We can use rounding to get quick estimates on sums and differences of decimal numbers. First round each number to the place value you choose, then add or subtract the rounded numbers to estimate the sum or difference.

Example:

To estimate the sum 119.36 + 0.56 to the nearest whole number, first round each number to the nearest one, giving us 119 + 1, then add to get 120.

**Multiplying Decimal Numbers**

Multiplying decimals is just like multiplying whole numbers. The only extra step is to decide how many digits to leave to the right of the decimal point. To do that, add the numbers of digits to the right of the decimal point in both factors.**Example:**

4.032 × 4

We can multiply 4032 by 4 to get 16128. There are three decimal places in 4.032, so place the decimal three digits from the right:

4.032 × 4 = 16.128**Example:**

6.74 × 9.063

We can multiply 674 by 9063 to get 6108462. Then there are 5 decimal places: two in the number 6.74 and three in the number 9.063, so place the decimal five digits from the right:

6.74 × 9.063 = 61.08462.

**Dividing Whole Numbers, with Remainders**

**Example:**

1400 ÷ 7..

Since 14 ÷ 7 = 2, and 1400 is 100 times greater than 14, the answer is 2 × 100 = 200.

Many problems are similar to the above example, where the answer is easily obtained by adding on or taking off an appropriate number of 0's. Others are more complicated.**Example:**

4934 ÷ 6. Use long division.

So the answer is 822 with a remainder of 2, written 822 R2.

To double-check that the answer is correct, multiply the quotient by the divisor and add the remainder:

(822 × 6) + 2 = 4932 + 2 = 4934.

**Dividing Whole Numbers, with Decimal Portions**

**Example:**

Find 32 ÷ 6 to the nearest whole number.

32 ÷ 6 = 5 r2. 6 is the divisor; 2 is the remainder.

2 is closer to 0 than 6, so round down. The answer is 5.

**Dividing Decimals by Whole Numbers**

To divide a decimal by a whole number, use long division, and just remember to line up the decimal points:**Example:**

13.44 ÷ 12.

When rounding an answer, divide one place further than the place you're rounding to, and round the result. Add 0's to the right of the number being divided, if necessary.

**Example:**

1.0 ÷ 6. Round to the nearest thousandth.

To round 0.16666 . . . to the nearest thousandth, we take 4 places to the right of the decimal point and round to 3 places. Here, we round 0.1666 to 0.167, the answer.

**Dividing Decimals by Decimals**

To divide by a decimal, multiply that decimal by a power of 10 great enough to obtain a whole number. Multiply the dividend by that same power of 10. Then the problem becomes one involving division by a whole number instead of division by a decimal.**Example:**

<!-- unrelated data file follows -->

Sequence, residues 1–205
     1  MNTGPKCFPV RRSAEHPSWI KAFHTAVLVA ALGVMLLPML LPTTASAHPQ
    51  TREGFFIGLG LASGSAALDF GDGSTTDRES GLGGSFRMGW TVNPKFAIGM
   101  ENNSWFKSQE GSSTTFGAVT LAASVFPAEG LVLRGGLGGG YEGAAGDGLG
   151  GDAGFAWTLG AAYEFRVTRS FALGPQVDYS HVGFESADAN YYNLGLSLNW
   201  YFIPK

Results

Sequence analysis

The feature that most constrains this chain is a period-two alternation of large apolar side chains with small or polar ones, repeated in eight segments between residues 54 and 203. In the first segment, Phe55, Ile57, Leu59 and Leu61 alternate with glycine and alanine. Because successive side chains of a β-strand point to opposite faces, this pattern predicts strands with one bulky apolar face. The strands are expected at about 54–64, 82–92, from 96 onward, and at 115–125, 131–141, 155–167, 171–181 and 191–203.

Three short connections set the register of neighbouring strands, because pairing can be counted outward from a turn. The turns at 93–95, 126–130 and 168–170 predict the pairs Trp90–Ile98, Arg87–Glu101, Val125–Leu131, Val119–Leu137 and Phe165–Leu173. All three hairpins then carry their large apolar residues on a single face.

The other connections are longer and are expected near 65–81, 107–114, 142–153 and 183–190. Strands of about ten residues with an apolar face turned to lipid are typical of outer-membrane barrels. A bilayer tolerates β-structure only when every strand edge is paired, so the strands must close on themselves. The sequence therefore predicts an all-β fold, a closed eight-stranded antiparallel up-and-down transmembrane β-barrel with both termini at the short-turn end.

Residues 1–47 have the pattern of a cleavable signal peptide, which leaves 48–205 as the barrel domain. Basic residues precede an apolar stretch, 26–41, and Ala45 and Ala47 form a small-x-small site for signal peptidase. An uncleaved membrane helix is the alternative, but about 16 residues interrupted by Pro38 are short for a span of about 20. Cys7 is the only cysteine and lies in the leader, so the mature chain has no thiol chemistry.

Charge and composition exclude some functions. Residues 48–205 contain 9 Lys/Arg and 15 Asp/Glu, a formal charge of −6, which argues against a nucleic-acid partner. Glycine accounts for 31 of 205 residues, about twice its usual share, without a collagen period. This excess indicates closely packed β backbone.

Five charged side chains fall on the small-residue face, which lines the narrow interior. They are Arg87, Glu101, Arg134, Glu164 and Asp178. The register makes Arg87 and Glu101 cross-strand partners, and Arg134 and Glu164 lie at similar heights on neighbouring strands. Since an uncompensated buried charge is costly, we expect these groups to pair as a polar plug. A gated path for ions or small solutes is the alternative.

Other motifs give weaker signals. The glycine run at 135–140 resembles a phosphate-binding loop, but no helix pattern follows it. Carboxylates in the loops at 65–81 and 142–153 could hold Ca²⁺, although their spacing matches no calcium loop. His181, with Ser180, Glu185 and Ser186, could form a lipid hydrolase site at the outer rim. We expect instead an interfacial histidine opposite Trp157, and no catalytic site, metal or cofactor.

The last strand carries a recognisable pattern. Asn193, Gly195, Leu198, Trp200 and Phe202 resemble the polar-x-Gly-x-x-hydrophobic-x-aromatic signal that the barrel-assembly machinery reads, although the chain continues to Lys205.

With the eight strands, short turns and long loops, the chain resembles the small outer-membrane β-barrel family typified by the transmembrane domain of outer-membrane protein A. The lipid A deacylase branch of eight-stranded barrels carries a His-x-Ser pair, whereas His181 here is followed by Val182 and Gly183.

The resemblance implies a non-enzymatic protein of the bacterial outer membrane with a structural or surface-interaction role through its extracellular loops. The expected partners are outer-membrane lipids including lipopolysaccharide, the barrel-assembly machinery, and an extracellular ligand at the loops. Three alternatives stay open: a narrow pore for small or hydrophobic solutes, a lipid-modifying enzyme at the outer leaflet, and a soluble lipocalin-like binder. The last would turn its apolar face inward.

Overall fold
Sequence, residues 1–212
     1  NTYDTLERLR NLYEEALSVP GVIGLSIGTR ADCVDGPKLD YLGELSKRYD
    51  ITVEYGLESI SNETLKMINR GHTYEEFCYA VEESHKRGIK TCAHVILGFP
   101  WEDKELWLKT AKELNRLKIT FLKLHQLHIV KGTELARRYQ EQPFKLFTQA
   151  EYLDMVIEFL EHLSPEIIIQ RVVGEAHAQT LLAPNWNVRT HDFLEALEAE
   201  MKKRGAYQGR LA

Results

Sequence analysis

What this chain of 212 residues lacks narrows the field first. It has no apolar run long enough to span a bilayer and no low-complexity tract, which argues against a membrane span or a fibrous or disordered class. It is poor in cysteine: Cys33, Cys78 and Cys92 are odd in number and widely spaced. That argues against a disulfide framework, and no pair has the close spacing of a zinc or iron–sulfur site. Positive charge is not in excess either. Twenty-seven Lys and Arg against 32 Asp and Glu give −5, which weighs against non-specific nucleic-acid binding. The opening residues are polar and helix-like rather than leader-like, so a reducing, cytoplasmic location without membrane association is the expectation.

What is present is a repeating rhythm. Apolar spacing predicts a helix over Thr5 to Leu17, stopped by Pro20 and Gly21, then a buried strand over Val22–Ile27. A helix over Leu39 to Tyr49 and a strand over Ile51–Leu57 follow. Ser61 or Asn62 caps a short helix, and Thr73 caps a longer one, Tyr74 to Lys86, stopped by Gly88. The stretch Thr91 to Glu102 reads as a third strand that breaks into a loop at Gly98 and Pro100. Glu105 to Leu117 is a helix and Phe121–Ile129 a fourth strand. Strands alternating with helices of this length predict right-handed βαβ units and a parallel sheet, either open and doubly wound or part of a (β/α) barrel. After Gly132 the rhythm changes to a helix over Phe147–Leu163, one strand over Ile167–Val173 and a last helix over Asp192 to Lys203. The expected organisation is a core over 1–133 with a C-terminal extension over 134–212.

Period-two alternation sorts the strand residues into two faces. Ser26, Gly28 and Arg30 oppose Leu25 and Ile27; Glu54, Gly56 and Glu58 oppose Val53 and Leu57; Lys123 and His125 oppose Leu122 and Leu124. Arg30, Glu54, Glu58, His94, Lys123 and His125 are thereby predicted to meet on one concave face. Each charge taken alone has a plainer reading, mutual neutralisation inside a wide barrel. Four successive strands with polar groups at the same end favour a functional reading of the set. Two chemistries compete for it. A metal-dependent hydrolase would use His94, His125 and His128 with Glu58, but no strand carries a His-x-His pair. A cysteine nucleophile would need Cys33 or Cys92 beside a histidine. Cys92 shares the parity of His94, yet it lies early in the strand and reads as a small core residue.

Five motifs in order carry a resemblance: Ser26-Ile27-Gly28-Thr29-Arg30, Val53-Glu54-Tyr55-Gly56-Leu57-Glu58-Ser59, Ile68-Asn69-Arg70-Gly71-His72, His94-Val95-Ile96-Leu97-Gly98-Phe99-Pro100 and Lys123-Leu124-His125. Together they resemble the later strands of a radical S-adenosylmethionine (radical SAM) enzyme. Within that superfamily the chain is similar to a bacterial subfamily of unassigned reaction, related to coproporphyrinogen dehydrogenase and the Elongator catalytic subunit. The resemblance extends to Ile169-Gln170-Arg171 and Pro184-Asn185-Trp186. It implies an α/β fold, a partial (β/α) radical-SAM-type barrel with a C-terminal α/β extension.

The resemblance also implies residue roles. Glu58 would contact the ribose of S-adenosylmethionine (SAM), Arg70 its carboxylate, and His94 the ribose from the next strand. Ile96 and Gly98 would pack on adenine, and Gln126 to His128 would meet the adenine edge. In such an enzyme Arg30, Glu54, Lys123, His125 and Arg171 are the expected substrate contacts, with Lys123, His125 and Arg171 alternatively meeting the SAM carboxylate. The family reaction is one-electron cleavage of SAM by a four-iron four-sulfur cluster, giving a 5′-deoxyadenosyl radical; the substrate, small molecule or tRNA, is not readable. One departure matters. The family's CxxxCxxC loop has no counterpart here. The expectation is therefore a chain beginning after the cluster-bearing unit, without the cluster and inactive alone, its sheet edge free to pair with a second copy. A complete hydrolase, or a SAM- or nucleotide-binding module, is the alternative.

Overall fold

0.144 ÷ 0.12

Multiplying the divisor (0.12) and the dividend (0.144) by 100, then dividing, gives the same result.

The answer is 1.2.

Be aware that some problems are less difficult and do not require this procedure.**Example:**

6 ÷ 2.00

This is the same as 6 ÷ 2! The answer is 3.

**Exponents (Powers of 2, 3, 4, ...)**

Exponential notation is useful in situations where the same number is multiplied repeatedly. The notation is often shown as "^"

The number being multiplied is called the base, and the exponent tells how many times the base is multiplied by itself.**Example:**

4 ×4 ×4 ×4 ×4 ×4 = 46

The base in this example is 4, the exponent is 6.

We refer to this as four to the sixth power, or four to the power of six, written as 4^6.**Examples:**

2 ×2 ×2 = 2^3 = 8

1.1"2 = 1.1 × 1.1 = 1.21

0.5^3 = 0.5 × 0.5 × 0.5 = 0.125

10^6 = 10 × 10 × 10 × 10 × 10 × 10 = 1000000

Observe that the base may be a decimal.

Special Cases:

A number with an exponent of two is referred to as the square of a number.

The square of a whole number is known as a perfect square. The numbers 1, 4, 9, 16, and 25 are all perfect squares.

A number with an exponent of three is referred to as the cube of a number.

The cube of a whole number is known as a perfect cube. The numbers 1, 8, 27, 64, and 125 are all perfect cubes.**Note:**

A number written with an exponent of 1 is the same as the given number.

23^1 = 23.

**Factorial Notation n!**

The product of the first n whole numbers is written as n!, and is the product

1 × 2 × 3 × 4 × … × (n - 1) × n.**Examples:**

4! = 1 × 2 × 3 × 4 = 24

11! = 1 × 2 × 3 × 4 × 5 × 6 × 7 × 8 × 9 × 10 × 11 = 39916800

Tricks:

When dividing factorials, note that many of the numbers cancel out!

**Note:**

The number 0! Is defined to be 1.

**Square Roots**

The square root of a whole number n is the number r with the property that r × r = n.

We write this as

.

We say that the number n is the square of the number r.**Examples:**

The square root of 9 is 3, since 3 × 3 = 9.

The square root of 289 is 17, since 17 × 17 = 289.

The square root of 2 is close to 1.41421. We say close to because the digits to the right of the decimal point in the square root of 2 continue forever, without any repeating pattern. Such a number is called an irrational number, meaning that it cannot be written as a fraction.

**Tricks:**

Since the square root of a whole number n is the number r with the property that r × r = n, we always have

That is, the square of the square root of any number is just the original number.

We also have, for any number r that the square root of the square of r is the absolute value of r.

We say the absolute value, because the notation actually means the positive square root of n.**Example:**

From the example above, we see that each positive number n actually has 2 numbers r that satisfy r × r = n, one is positive, and the other is negative.